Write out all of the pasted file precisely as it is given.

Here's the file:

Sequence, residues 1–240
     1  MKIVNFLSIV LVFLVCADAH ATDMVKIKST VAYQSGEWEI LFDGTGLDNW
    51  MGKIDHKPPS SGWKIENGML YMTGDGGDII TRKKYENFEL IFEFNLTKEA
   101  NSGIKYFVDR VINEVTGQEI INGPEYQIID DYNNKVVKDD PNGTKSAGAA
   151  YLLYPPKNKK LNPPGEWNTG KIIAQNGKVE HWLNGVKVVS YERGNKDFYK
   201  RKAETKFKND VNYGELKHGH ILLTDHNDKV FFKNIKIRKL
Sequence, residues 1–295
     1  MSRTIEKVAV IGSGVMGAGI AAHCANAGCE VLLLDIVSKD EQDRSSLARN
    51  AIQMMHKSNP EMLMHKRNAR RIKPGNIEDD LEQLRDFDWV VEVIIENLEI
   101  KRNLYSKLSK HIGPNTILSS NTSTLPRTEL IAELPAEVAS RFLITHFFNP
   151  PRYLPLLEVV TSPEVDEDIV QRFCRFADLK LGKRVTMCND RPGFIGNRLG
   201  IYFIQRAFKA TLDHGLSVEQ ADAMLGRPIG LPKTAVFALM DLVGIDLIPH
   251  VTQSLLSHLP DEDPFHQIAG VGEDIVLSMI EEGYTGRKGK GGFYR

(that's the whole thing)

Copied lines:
Sequence, residues 1–240
     1  MKIVNFLSIV LVFLVCADAH ATDMVKIKST VAYQSGEWEI LFDGTGLDNW
    51  MGKIDHKPPS SGWKIENGML YMTGDGGDII TRKKYENFEL IFEFNLTKEA
   101  NSGIKYFVDR VINEVTGQEI INGPEYQIID DYNNKVVKDD PNGTKSAGAA
   151  YLLYPPKNKK LNPPGEWNTG KIIAQNGKVE HWLNGVKVVS YERGNKDFYK
   201  RKAETKFKND VNYGELKHGH ILLTDHNDKV FFKNIKIRKL
Sequence, residues 1–295
     1  MSRTIEKVAV IGSGVMGAGI AAHCANAGCE VLLLDIVSKD EQDRSSLARN
    51  AIQMMHKSNP EMLMHKRNAR RIKPGNIEDD LEQLRDFDWV VEVIIENLEI
   101  KRNLYSKLSK HIGPNTILSS NTSTLPRTEL IAELPAEVAS RFLITHFFNP
   151  PRYLPLLEVV TSPEVDEDIV QRFCRFADLK LGKRVTMCND RPGFIGNRLG
   201  IYFIQRAFKA TLDHGLSVEQ ADAMLGRPIG LPKTAVFALM DLVGIDLIPH
   251  VTQSLLSHLP DEDPFHQIAG VGEDIVLSMI EEGYTGRKGK GGFYR